Euripides and Bacchus

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The Metamorphoses by Ovid and Euripides' play entitled, The Bacchae present the same two stories in very different directions. The general story revolves around the figure of Pentheus, a Theban prince who challenges the might of Bacchus, his cousin and a god. While both include the same key plot driven aspects, the interpretations given by the two different writers are vastly different in what morals and concepts they try to let out from the text. The Metamorphoses is essentially a testament of hundreds of many different Roman myths culminated together where the tale of Pentheus is but a small part, thus holding much significance in the manner in which his story should be interpreted. Euripides, The Bacchae, while still the same story as the one Ovid presents, is written as a play, and therefore it too needs to be interpreted from that standpoint. As such, the two writers also show a very different focus in how the character of Pentheus ultimately reaches his fate. Ovid uses the mythology, history, and mysticism of the Gods to justify the punishment and denigration of Pentheus, while Euripides, though granting him the same fate, humanizes the story to offer some defense to Pentheus' character.

Ovid presents the tale of Pentheus as a doomed figure for continuing his family's long tradition of offending the feminine aspects of the gods. Book three within the metamorphoses not only holds the story of Pentheus and his conflict with Bacchus, but also the entire history of the line of Cadmus. The history of Pentheus' bloodline is both crucial to his fate and displays how Ovid steers the morals of his stories towards religious superstition. Pentheus was doomed from the moment the first in his line, Cadmus, abandoned his journey to find Europa to establish the city of Thebes. Doing this, Ovid right away establishes the theme of Cadmus's line denying some aspect of feminine power or responsibility for some form of personal gain. The city Cadmus establishes is born from the seeds of Ares upon slaying his serpentine beast and planting his teeth where Thebes is to be established, further pressing the idea that he, and those who come from Thebes, stand as a symbolic masculine representative. His doom is sealed by an unseen godly figure uttering the words, "You, too, will be a snake at whom men gaze" (Metamorphoses pg. 80). By keeping the voice unrepresented by a physical entity, it establishes another theme within the Metamorphoses of raising the undeniable power of the Gods to a level far beyond humans. It is a trait that will echo within Pentheus' tale.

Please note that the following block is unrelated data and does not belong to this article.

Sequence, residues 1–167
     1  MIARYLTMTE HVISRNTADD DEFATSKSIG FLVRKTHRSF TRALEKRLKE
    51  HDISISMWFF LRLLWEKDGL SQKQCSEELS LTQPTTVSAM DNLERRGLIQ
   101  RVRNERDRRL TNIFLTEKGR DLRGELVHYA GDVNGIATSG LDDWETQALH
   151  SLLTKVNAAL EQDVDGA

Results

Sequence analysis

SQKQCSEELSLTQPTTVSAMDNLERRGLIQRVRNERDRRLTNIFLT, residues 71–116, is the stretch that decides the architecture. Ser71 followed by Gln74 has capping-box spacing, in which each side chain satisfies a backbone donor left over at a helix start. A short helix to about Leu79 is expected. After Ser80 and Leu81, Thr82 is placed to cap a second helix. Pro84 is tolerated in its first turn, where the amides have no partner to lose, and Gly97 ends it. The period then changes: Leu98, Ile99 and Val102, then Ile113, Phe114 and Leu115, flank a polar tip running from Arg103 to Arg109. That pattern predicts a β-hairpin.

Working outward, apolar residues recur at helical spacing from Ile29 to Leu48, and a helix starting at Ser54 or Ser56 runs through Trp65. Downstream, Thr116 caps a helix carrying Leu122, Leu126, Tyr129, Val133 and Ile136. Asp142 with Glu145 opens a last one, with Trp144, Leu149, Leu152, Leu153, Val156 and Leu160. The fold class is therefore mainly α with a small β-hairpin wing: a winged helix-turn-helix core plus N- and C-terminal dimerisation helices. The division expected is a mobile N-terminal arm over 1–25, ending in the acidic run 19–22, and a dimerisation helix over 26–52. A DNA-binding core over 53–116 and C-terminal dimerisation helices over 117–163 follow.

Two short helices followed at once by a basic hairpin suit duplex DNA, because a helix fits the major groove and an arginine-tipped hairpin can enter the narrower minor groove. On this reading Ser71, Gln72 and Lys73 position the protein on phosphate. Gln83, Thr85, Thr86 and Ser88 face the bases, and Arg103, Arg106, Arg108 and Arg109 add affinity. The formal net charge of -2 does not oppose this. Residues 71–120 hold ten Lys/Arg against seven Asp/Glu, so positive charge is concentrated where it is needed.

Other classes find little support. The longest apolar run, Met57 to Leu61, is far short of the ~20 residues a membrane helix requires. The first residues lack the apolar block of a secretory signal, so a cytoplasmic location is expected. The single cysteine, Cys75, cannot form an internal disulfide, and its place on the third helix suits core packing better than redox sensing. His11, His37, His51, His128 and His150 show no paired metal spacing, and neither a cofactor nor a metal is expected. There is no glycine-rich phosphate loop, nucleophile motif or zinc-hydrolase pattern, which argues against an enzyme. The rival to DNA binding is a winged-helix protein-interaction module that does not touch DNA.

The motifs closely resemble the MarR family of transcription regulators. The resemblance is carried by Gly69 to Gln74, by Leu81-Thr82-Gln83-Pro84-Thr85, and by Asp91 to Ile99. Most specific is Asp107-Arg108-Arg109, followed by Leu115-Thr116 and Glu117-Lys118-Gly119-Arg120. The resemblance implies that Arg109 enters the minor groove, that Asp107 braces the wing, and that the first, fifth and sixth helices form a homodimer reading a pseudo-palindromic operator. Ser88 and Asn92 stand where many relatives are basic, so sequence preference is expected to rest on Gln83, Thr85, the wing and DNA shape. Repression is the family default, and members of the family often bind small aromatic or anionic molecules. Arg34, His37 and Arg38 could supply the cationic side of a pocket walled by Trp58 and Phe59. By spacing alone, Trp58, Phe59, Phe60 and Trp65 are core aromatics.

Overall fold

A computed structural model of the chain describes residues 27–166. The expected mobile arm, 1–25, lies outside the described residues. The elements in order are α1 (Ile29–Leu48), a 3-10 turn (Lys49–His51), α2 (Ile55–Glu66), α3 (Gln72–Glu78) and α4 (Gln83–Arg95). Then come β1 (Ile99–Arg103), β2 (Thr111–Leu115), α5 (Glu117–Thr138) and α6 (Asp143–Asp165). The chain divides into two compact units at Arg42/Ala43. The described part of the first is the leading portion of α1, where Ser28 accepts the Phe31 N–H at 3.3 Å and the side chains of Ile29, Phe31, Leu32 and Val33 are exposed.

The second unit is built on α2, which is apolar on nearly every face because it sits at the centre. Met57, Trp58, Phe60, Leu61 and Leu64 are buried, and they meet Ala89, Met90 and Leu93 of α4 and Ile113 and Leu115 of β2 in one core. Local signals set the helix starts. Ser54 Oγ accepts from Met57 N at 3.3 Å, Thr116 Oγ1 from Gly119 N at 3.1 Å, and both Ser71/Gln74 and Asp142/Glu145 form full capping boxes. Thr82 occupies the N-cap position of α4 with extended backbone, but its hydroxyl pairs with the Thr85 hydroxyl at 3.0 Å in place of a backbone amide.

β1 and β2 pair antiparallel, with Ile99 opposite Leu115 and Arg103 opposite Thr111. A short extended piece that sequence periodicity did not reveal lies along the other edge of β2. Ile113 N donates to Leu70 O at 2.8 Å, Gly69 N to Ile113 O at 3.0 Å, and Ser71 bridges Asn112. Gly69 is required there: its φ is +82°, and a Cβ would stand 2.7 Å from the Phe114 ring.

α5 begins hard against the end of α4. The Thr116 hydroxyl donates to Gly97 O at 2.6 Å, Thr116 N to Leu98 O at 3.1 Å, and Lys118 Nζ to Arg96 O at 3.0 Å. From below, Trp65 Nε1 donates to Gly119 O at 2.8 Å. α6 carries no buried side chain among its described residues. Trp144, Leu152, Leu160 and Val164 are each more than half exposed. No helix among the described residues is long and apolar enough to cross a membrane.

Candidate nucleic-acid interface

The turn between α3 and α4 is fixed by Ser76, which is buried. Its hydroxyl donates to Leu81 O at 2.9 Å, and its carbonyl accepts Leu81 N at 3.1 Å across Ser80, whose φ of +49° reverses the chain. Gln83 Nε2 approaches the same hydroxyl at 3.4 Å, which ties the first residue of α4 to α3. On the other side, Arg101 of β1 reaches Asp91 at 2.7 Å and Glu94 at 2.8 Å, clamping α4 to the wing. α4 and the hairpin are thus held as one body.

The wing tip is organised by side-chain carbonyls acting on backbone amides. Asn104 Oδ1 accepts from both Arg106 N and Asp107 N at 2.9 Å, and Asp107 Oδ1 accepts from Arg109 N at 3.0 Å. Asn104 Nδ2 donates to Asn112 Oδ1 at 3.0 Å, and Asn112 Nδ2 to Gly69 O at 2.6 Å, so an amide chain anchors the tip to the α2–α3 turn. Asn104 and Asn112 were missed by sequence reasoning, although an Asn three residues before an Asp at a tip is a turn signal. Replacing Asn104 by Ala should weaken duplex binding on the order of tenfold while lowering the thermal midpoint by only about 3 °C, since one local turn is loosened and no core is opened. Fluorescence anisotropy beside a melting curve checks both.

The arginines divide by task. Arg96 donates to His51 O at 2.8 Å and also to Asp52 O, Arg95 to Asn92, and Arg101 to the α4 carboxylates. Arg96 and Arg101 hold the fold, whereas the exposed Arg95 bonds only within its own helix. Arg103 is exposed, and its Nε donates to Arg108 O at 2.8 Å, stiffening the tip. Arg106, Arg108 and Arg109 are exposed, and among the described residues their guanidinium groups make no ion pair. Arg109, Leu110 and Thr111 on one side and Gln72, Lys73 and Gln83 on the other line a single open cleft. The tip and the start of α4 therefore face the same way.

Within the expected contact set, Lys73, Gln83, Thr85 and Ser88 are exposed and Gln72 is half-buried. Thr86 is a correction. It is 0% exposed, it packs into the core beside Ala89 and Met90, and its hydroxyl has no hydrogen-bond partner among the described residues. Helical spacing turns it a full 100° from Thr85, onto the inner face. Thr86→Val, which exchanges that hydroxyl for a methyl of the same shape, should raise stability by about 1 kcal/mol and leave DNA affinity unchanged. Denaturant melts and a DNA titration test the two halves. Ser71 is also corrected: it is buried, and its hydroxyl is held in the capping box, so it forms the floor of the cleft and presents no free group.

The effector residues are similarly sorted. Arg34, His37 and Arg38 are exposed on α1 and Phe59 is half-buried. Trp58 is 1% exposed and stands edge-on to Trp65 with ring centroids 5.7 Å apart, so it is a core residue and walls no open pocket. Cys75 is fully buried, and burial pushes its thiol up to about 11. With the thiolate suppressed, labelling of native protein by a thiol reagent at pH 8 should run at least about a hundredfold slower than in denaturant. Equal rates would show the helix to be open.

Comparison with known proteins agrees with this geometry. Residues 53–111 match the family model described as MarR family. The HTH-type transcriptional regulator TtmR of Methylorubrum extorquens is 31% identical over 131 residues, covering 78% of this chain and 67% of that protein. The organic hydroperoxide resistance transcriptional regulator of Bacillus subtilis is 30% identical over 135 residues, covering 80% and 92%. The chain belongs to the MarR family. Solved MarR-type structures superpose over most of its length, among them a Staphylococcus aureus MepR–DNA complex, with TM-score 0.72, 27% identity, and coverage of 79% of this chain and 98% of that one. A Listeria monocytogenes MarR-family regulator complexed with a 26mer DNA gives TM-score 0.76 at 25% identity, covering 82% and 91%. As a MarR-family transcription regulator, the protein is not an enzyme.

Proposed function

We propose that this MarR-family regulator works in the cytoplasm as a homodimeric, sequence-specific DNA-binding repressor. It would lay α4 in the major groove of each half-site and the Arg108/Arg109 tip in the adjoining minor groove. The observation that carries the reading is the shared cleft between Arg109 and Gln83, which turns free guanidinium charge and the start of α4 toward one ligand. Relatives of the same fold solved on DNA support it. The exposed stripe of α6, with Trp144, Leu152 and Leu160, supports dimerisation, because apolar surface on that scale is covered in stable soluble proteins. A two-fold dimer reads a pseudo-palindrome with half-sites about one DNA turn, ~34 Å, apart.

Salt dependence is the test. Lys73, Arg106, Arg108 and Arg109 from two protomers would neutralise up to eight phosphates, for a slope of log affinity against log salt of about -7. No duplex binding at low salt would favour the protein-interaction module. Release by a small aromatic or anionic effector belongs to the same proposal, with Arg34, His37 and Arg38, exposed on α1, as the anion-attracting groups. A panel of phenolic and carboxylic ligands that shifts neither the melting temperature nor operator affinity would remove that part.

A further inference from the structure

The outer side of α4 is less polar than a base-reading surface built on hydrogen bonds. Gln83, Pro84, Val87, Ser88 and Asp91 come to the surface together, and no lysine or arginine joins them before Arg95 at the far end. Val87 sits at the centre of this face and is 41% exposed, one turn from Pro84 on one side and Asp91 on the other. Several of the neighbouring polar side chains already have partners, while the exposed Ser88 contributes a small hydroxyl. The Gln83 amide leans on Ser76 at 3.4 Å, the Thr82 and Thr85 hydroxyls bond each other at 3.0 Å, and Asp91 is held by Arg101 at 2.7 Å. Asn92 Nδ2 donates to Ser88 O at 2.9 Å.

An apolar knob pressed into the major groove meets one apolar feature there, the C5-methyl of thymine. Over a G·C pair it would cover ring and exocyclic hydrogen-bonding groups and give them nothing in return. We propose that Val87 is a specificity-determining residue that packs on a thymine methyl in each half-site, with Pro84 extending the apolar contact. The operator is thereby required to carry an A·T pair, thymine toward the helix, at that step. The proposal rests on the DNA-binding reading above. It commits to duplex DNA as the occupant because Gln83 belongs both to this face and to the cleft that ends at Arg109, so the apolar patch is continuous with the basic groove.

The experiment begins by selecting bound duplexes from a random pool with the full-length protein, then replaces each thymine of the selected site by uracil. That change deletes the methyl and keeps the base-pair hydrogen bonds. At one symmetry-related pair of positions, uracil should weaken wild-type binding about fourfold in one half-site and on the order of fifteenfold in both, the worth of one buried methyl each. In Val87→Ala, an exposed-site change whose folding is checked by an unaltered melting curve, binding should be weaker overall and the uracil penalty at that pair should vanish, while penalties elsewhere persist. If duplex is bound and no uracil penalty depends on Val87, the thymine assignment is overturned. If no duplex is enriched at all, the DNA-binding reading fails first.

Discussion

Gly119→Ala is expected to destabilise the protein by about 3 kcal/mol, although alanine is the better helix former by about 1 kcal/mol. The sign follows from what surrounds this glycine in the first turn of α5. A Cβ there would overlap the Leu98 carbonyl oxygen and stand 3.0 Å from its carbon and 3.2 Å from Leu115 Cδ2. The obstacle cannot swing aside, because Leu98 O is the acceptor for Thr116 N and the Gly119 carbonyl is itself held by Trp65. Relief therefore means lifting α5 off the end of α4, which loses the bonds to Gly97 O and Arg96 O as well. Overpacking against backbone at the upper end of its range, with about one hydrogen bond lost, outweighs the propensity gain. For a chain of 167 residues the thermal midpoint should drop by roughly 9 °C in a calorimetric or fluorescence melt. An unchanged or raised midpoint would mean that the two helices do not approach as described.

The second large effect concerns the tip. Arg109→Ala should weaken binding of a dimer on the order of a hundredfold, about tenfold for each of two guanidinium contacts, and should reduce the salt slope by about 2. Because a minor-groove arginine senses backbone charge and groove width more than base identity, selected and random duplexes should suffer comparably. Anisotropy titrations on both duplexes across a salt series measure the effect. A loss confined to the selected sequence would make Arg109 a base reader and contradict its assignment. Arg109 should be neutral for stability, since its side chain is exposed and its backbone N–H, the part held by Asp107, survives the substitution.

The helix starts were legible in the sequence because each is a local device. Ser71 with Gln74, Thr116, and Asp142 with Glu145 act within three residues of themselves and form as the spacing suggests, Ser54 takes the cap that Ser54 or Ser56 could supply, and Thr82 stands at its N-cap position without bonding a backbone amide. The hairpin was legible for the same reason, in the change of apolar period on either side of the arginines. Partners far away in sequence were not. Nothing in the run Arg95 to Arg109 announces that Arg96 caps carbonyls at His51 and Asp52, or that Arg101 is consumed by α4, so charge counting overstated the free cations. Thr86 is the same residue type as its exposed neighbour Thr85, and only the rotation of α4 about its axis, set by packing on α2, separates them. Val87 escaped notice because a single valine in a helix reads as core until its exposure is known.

Continuing along the bloodline of Cadmus, the tale of Actaeon represents another instance of insult towards a greater feminine power. Actaeon, the masculine hunter, happens to spy upon the Goddess Diana as she bathes within a River. He is punished by being turned into a stag and then hunted down by his own kinsmen. This story far more directly foreshadows the fate of Pentheus who is murdered by his own mother and other related, feminine kinsmen when Bacchus possesses their minds to have them believe that Pentheus is a wild beast. The similarities in text regarding the final moments of Actaeon and Pentheus are clear. In describing Actaeon's death Ovid writes, "his hounds have hemmed him in; they sink their muzzles into every limb- the flesh of their own master in false guise as stag. Diana was not satisfied until, so mangled, Actaeon died" (Metamorphoses 86). And then, in describing Pentheus' death he writes, "[Agave] tears off his head, and yells, as she lifts high his head: ‘This, comrades, spells our victory- our work!'" (Metamorphoses 106). The similar deaths between these two family members exemplifies yet again Ovid's theme of Godly supremacy in both the aspects of fate and mans submission to them.

The two interludes of Book three are the stories of Tiresias, and Narcissus and Echo, both further demonstrating the power of feminine wrath and...
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